I was lucky enough to be invited along to a Plymouth primary school to join in on an introduction to the new Digital Literacy course for the new starters. Bob Harrison gave a great interactive talk, with a lot of questions for us, getting us thinking – hard to do that when you have had the Summer off!
At midday, we were given hints and tips for interviews by both Bob and the head teacher of the school – I was particularly interested after Pete reminded me that I will be applying for teaching positions in just over a year!
Both Bob and the head teacher said that a question that will always be asked is “why do you want to be a teacher”? As we went around the room, almost all the answers were the same –
“I want to inspire children”. “I enjoy working with children”.
This made me think – I’m not sure I have ever really thought, “why do I want to be a teacher”? I just know that I have always wanted this.
I remember wanting to be a teacher at school, mostly because of a few stand-out teachers and so I did my work experience aged 15 in a primary school. Having ‘achieved’ a D in my Science GCSE, I wasn’t able to do a teaching degree and by 16 I had enough of education. I attempted AS Levels and struggled and so entered the world of work, working in offices and later as a Legal Secretary, along with a couple of trips to Asia and Eastern Europe.
Throughout this time, I knew I still wanted to teach, and so I took an Access to Higher Education course (a life-changer for a ‘mature’ student!) and the University of Plymouth was kind enough to let me take a Science equivalency test which meant I finally had a good enough Science GCSE to take the course!
However, I have gotten to Year Three, without really having an answer to why I want to teach. When you decide as a child that you want to be a teacher when you’re older, you don’t think along the lines of being inspiring or changing children’s lives.
When I think now about what excites me about being a teacher, having had experiences in placements, the thing that does stand out is seeing a child go from struggling and not understanding something, to that moment when they ‘get it’ and you know that you have got them to that point.
Another main reason for me, is that having been through a period between the ages of 16-21 when learning did not appeal to me at all, I suddenly reached a stage where I found learning fun and enjoyable. The beauty of teaching is that not only are you educating the children, but you are constantly being educated yourself. Teaching is always changing and developing, even more so in my specialism of ICT, and so I feel honoured to be going in to a career where I every day I get to teach, but also I get to learn myself.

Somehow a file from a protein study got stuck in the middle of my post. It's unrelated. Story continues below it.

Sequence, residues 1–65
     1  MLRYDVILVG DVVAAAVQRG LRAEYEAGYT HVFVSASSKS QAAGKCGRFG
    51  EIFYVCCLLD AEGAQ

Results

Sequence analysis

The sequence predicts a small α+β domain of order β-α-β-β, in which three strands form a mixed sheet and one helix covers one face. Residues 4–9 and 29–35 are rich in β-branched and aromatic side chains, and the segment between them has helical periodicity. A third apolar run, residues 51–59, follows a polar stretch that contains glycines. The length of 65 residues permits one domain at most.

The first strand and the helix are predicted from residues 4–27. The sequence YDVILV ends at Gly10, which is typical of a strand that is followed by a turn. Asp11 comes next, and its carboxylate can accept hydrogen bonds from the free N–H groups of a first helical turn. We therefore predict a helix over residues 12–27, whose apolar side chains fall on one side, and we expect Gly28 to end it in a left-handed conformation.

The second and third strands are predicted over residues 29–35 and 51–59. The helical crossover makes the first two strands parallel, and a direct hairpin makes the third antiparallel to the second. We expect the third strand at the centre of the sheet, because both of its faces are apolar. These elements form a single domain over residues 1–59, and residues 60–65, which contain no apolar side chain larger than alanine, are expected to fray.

When I do get thinking about it, of course there are many reasons why I am going in to teaching:
- - The job satisfaction of knowing that you have done something good that day.
- - To be able to spend my day working with children – having worked in offices for 5 years, I know that working with children is way more appealing for me!
- - To know that when a child leaves my class, I have changed their life, even if only slightly.
- - To help children to enjoy primary school, as I did, and to hopefully be a teacher that they can look back on fondly, as I do with a few of mine.
- - To be a good role model to the children.
- - On a purely selfish note and looking to the future – teaching is a great career to get in to as a woman in terms of having a family – although this is just a bonus, rather than a reason.
- - To use my head – I spent way too long working in jobs where I would turn up, do as I was told and leave – I am looking forward to being able to take charge of my class, giving them interesting and exciting lessons and being creative in my teaching.
The list goes on…!
So, just out of curiosity, why did you go in to teaching? Was it a lifetime ambition or a decision made later on?